Canyon Tuna, More Tuna, Sea Bass and Giant Report, Sept. 5-20, 2010
I apologize for the interruption in the reports program. Look for updates on a much more consistent basis moving forward. Much has changed since the last entry, most notably the duration of trips aboard the Helen H now that the fall tuna season has hit high gear. For those who’ve been out of the loop, the first trip on the schedule, a three-dayer slated Labor Day weekend, fell victim to Media Storm Earl, a hugely overestimated gale that fizzled out and shot right through the area without raising too many eyebrows. Maiden voyage, then, sailed early Tuesday morning, September 7 and returned late on Thursday, September 9. Game plan, per Capt. Joe Huck, was to stab east, way east, taking advantage of the extra time on the clock and hopefully tuning up the yellowfins somewhere between Hydro and Oceanographer Canyons. On arrival, it became clear fairly quickly that what force Earl never delivered to the mainland, he might have unloaded offshore. To put this all in context, the better part of summer 2010 saw an absolutely wide-open yellowfin bite that started in the Atlantises in late June or July and slid slowly and steadily east through Veatch, and lingered through most of August anywhere from Hydrographers and Welkers. Relative canyon neophytes were racking up double-digit days of 40- to 60-pound yellows on the troll.
So as of the Helen’s departure, most recent trips, before the gales, had honed the fish-a mixed bag of sizeable yellows, mahis, swords and other mystery meat-up n the bank between Welkers and Ocean, and the boys had high hopes. To their dismay, it quickly became clear that the blow had taken a toll. Huck explained that the storm had pulled quite a bit of cold, murky, green water down off Georges Bank, souring much of the slug of warm blue water that had hosted much of the late-summer bonanza and given a couple boats out right ahead of the weather some bang-up trips. Looking for some more tuna-friendly water, Joe worked south to the edge then hooked west toward Hydro. Late afternoon, a bit east of Hydro, four nice yellows in the 70- to 80-pound range found the spread. After some further recon, Huck set up for the night a bit south of the water that had produced those four. The water warmed through the night, creeping from 72 degrees up toward 74, but the fishing was very quiet. Huck picked up in the morning, the game plan to push westward toward Veatch in search of more consistent numbers. They picked up one yellow roughly half-way between Hydrographers and Veatch, and continued west. Unfortunately, the moon tide was boiling toward the west, right into a building SW wind gusting past 30 knots, and conditions soon became all but unfishable, and Huck elected to turn down-wind and down-sea, working back eastward toward the numbers where they’d had the morning’s lone tuna. Almost as soon as they reached the area, they hooked another pair and picked a couple more fish on the troll, despite rapidly deteriorating sea conditions. Huck called night two’s weather totally unfishable, with screaming tides and washing machine seas; 40 ounces of lead just about kept baits down in the zone. With all lines leading astern, several fish were lost to tangles, and one was boated. The wind had dropped out by morning. Back on the troll, they managed one more and lost a couple.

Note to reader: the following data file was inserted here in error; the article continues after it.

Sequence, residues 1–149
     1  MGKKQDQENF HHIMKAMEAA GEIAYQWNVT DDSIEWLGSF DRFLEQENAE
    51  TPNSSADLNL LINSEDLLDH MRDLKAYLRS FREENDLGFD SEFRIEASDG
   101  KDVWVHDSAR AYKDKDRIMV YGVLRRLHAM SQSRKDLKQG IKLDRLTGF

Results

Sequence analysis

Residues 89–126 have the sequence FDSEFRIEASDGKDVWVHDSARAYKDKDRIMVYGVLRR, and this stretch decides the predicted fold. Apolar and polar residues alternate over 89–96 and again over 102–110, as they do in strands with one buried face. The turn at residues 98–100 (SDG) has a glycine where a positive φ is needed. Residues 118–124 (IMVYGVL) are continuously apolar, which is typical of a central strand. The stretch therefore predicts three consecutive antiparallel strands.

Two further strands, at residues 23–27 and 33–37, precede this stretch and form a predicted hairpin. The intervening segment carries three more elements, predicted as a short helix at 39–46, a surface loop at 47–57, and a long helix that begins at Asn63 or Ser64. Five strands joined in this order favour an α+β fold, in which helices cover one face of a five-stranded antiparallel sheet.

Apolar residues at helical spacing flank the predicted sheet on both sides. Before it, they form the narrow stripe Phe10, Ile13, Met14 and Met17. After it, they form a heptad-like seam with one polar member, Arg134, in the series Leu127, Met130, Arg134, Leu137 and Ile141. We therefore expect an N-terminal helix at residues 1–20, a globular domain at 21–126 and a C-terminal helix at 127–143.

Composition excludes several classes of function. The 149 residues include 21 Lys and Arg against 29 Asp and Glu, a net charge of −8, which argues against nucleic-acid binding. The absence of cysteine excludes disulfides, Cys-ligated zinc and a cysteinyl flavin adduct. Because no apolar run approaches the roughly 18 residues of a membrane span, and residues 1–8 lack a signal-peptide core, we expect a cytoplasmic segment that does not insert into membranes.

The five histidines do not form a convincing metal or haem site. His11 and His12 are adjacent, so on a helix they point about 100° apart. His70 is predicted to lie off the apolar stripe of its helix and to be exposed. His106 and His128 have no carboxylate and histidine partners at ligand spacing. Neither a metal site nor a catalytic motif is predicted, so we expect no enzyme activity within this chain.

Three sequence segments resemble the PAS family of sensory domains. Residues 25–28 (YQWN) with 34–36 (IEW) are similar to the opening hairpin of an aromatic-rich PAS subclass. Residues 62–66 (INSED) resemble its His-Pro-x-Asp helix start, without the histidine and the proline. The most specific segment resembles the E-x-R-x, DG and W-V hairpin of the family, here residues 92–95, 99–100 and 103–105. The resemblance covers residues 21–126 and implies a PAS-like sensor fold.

All things considered, the final tally of 13 yellows and a bunch of mahi-while not a slammer trip-looked pretty good in light of the conditions.
Next trip out, a Saturday-Sunday shot with Capt. Walt at the helm, returned to the scene of the crime from the previous trip. Unfortunately, the water that had looked pretty promising had receded off the edge between Hydro and Veatch, so Walt decided to work west toward Atlantis in search of some better water and concentrations of fish. They picked one nice yellow on the troll around the east wall of Atlantis, where Walt read a pretty good shot of fish. His plan was to get south of these fish, figuring the 10- to 15-knot NE wind would likely push the slug of warm water back down toward the edge. The night bite-a slow, steady pick straight through-saw plenty of shots at the fish, both on bait and jigs. Less than ideal conditions once again contributed to a pretty tough hook-up-to-landed ratio, and the final score was 8 nice yellows, the largest pushing 75 to 80 pounds, and another 15 fish lost.